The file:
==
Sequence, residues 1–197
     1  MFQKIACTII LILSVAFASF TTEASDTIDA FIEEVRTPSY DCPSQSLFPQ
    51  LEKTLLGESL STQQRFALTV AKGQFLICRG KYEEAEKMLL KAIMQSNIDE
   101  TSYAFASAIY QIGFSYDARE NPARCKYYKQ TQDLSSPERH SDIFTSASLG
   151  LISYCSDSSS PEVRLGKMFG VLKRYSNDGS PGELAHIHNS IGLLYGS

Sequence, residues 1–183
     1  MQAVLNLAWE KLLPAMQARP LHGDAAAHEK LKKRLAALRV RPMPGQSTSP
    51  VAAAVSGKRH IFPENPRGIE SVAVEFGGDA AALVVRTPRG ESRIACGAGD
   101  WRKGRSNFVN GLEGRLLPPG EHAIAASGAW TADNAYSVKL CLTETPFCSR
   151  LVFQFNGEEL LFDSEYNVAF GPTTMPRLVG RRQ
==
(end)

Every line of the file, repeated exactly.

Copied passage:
Sequence, residues 1–197
     1  MFQKIACTII LILSVAFASF TTEASDTIDA FIEEVRTPSY DCPSQSLFPQ
    51  LEKTLLGESL STQQRFALTV AKGQFLICRG KYEEAEKMLL KAIMQSNIDE
   101  TSYAFASAIY QIGFSYDARE NPARCKYYKQ TQDLSSPERH SDIFTSASLG
   151  LISYCSDSSS PEVRLGKMFG VLKRYSNDGS PGELAHIHNS IGLLYGS

Sequence, residues 1–183
     1  MQAVLNLAWE KLLPAMQARP LHGDAAAHEK LKKRLAALRV RPMPGQSTSP
    51  VAAAVSGKRH IFPENPRGIE SVAVEFGGDA AALVVRTPRG ESRIACGAGD
   101  WRKGRSNFVN GLEGRLLPPG EHAIAASGAW TADNAYSVKL CLTETPFCSR
   151  LVFQFNGEEL LFDSEYNVAF GPTTMPRLVG RRQ